Arusha — Elephant poaching in northern Tanzania’s wildlife sanctuary, Tarangire National Park, has gone down for the past two years, a senior park official said on Sunday.
Park tourism officer Geoffrey Mboma said that killing of elephants in the park for their tusks has been largely contained, and between July 2014 to early this year, only four elephants were killed by suspected poachers.
Located in the southeast of Lake Manyara on the Tarangire River, the park is home to nearly 5,000 elephants.
“Indiscriminate killing of animals for their trophies has also been contained due to intensified patrol and involvement of the local communities in conservation,” said Mboma.
Stephano Qolli, chief park warden, however, expressed concern that increased human activities may affect the wildlife migration, and result in the drop of animals in the park.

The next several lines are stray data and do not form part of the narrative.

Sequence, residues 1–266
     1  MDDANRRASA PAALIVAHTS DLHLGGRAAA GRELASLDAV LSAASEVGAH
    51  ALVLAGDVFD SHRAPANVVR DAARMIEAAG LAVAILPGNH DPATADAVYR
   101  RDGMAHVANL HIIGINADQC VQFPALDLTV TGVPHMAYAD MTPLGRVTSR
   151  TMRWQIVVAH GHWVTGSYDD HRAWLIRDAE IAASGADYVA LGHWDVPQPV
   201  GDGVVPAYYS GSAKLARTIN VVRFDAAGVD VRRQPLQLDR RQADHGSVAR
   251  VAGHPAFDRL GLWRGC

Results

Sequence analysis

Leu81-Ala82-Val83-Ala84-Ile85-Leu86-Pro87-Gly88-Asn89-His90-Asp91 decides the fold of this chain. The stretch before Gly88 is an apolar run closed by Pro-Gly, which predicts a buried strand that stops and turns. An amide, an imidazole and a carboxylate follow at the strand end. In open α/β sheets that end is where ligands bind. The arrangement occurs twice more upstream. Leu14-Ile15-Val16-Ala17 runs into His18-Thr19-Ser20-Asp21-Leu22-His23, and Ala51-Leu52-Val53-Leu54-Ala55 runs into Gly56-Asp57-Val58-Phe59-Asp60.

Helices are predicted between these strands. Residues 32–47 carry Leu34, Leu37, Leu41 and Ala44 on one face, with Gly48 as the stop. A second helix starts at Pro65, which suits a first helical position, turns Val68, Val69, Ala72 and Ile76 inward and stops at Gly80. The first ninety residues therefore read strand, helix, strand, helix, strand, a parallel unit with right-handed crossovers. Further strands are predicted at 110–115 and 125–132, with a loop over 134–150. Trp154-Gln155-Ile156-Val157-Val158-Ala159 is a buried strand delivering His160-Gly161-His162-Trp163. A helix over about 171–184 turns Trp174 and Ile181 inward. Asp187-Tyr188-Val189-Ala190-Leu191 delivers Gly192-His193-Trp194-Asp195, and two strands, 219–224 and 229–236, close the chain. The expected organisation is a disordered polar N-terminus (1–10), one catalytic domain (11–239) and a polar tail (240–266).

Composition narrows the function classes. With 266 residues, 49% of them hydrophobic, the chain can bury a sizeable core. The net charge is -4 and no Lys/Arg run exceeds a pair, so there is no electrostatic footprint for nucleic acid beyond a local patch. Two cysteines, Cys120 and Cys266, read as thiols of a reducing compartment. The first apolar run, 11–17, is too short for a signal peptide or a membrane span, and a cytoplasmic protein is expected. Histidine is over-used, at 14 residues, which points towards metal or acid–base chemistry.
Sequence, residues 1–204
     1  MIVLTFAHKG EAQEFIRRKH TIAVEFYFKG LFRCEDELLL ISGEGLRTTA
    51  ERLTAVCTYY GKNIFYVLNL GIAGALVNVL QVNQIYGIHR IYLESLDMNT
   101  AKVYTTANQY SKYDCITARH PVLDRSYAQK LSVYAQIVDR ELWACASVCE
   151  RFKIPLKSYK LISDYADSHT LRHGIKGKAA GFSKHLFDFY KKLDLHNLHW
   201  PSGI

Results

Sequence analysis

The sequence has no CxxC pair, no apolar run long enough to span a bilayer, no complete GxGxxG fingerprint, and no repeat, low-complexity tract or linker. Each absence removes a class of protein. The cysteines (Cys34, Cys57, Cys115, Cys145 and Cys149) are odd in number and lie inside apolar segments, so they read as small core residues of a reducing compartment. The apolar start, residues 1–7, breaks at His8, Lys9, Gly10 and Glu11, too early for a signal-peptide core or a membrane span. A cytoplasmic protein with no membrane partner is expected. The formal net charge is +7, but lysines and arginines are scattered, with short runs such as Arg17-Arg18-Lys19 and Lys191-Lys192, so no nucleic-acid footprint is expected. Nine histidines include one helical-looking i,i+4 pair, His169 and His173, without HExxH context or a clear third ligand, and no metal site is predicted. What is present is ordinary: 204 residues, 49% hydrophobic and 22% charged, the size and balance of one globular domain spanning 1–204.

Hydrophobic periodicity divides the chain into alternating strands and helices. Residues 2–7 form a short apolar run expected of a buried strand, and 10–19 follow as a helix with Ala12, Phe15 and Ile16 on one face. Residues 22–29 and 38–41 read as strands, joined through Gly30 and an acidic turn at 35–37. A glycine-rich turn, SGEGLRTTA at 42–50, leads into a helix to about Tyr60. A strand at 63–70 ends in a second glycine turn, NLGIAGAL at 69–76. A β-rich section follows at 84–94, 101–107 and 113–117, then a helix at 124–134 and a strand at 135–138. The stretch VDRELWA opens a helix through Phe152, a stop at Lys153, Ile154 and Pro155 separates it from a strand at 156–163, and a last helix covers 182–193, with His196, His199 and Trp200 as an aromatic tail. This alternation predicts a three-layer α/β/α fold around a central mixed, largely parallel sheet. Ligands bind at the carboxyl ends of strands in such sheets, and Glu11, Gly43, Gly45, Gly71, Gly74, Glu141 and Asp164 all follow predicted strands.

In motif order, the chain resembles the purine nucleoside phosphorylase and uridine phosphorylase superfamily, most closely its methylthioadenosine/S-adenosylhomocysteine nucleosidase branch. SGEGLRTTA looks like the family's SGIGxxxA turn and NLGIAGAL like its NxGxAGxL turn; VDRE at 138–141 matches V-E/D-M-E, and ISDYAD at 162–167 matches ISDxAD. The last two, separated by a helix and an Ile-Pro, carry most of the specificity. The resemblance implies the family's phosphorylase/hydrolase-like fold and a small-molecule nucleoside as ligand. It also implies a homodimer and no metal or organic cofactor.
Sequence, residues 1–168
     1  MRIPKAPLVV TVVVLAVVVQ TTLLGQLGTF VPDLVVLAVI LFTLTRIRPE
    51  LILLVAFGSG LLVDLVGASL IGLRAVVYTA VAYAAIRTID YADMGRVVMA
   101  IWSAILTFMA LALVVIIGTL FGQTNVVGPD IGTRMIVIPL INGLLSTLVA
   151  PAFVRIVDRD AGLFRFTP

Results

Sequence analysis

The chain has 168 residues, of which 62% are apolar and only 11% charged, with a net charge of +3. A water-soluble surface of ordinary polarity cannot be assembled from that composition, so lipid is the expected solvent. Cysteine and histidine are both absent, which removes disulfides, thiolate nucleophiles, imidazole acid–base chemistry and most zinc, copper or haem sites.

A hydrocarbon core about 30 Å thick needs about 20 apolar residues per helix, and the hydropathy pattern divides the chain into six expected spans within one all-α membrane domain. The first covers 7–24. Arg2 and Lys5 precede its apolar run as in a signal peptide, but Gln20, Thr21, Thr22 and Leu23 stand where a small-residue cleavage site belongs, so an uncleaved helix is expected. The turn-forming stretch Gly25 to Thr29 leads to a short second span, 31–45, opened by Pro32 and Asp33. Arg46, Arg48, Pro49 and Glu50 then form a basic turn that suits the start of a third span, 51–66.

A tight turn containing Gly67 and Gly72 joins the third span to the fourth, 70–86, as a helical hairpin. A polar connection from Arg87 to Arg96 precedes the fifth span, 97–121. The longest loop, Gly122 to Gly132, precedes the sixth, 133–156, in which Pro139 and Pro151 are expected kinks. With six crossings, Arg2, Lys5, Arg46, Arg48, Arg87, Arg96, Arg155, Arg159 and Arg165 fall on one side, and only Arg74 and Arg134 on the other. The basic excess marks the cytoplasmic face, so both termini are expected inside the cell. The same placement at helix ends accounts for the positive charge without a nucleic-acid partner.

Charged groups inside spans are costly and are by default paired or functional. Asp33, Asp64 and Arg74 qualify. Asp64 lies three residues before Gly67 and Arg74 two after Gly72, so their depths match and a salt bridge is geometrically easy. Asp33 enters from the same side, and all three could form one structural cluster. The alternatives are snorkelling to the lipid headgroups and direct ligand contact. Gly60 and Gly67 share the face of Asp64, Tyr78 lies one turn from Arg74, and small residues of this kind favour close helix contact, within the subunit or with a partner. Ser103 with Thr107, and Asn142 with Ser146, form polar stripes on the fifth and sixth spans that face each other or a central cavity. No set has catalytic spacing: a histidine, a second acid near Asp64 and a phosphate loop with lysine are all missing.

He said the animal pathways, mainly linking Tarangire and Lake Manyara National Park, have been turned into human settlements while livestock grazing inside the park is now common despite being prohibited.
“Once there is an ecological disturbance increase in human activities, the animals would simply migrate to other areas or get killed when they wonder into the villages,” he said.
He called on the Tanzania National Parks (Tanapa) and the relevant ministries to coordinate to address invasion of protected areas by livestock keepers and farmers, saying it defeated the whole purpose of conservation.
Tarangire is the sixth largest national park in Tanzania. The name of the park originates from the Tarangire River that crosses through the park, the only source of water for wild animals during dry seasons.